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Author Notes:

Corresponding author: A. A. Ansari, 101 Woodruff Circle, Rm 2309, Dept. of Pathology and Lab Medicine, Emory University, Atlanta, GA 30322; Email: pathaaa@emory.edu; Phone: 404-712-2834; Fax: 404-712-1771

The authors would like to thank Daniel Homerick for excellent technical assistance with the HPLC-MS assay, Dr. K. George Chandy for helpful suggestions with the study, and the Yerkes National Primate Research staff for their excellent care of the animals and sample collections.

H. Wulff is an inventor on the University of California patent claiming 5-(4- phenoxybutoxy)psoralen and related compounds for the treatment of autoimmune diseases. H. Wulff further holds founder stock in a start-up company (Airmid LLC) that is developing 5-(4-phenoxybutoxy)psoralen for the treatment of multiple sclerosis and possibly of psoriasis.


Research Funding:

This work was supported by grants RO1 27057, IR24RR16988, RR00165, and RO1 GM076063 from the National Institutes of Health.


  • effector memory T-cells
  • SIV
  • PAP-1
  • K+ channel blockers

Pharmacokinetics, Toxicity, and Functional Studies of the Selective Kv1.3 Channel Blocker 5-(4-Phenoxybutoxy)Psoralen in Rhesus Macaques


Journal Title:

Experimental Biology and Medicine


Volume 232, Number 10


, Pages 1338-1354

Type of Work:

Article | Post-print: After Peer Review


The small molecule PAP-1 (5-(4-phenoxybutoxy)psoralen) is a selective blocker of the voltage-gated potassium channel Kv1.3 that is highly expressed in cell membranes of activated effector memory T-cells (TEM). The blockade of Kv1.3 results in membrane depolarization and inhibition of TEM cell proliferation and function. In this study, the in vitro effects of PAP-1 on rhesus macaques (RM) T cells and the in vivo toxicity and pharmacokinetics (PK) were examined in RM with the ultimate aim of utilizing PAP-1 to define the role of TEM in RM infected with simian immunodeficiency virus (SIV). Electrophysiological studies on RM T-cells revealed a Kv1.3 expression pattern similar to that in human T-cells. Thus, PAP-1 effectively suppressed RM TEM cell proliferation. Intravenously administered PAP-1 showed a half-life of 6.4 hrs and the volume of distribution suggested that it is distributed extensively into extravascular compartments. Orally administered PAP-1 was efficiently absorbed and plasma concentrations in RM undergoing a 30-day chronic dosing study indicated that PAP-1 levels that are suppressive to TEM cells in vitro can be achieved and maintained in vivo at a non-toxic dose. PAP-1 selectively inhibited TEM function in vivo as indicated by a modest reactivation of cytomegalovirus (CMV) replication. Immunization of these chronically-treated RM with the live influenza A/PR8 virus suggest that the development of an in vivo flu-specific central memory response was unaffected by PAP-1. These RM remained disease-free during the entire course of the PAP-1 study. Collectively these data provide a rational basis for future studies with PAP-1 in SIV-infected RM.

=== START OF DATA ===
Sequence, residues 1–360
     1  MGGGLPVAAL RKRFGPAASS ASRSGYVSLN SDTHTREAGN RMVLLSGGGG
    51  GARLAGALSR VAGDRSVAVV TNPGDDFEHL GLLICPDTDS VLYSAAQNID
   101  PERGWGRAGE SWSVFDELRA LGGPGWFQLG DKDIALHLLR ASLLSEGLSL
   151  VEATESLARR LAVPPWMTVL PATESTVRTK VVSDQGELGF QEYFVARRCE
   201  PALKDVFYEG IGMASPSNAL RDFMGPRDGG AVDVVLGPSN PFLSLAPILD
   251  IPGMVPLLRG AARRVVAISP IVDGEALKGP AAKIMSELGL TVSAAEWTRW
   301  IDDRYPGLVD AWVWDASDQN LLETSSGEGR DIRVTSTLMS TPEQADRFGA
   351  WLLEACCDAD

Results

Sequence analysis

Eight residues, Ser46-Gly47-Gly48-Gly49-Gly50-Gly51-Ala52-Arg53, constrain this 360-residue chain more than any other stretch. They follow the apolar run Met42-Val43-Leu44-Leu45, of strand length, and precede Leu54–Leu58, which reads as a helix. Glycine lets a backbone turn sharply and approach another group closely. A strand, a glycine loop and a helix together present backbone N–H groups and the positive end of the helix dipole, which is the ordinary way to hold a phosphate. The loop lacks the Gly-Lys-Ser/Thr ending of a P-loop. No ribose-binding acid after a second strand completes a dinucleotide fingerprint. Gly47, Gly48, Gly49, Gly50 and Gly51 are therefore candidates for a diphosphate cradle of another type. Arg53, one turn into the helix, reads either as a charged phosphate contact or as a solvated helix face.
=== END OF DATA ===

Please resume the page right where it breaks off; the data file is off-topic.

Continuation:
Copyright information:

© 2007 by the Society for Experimental Biology and Medicine

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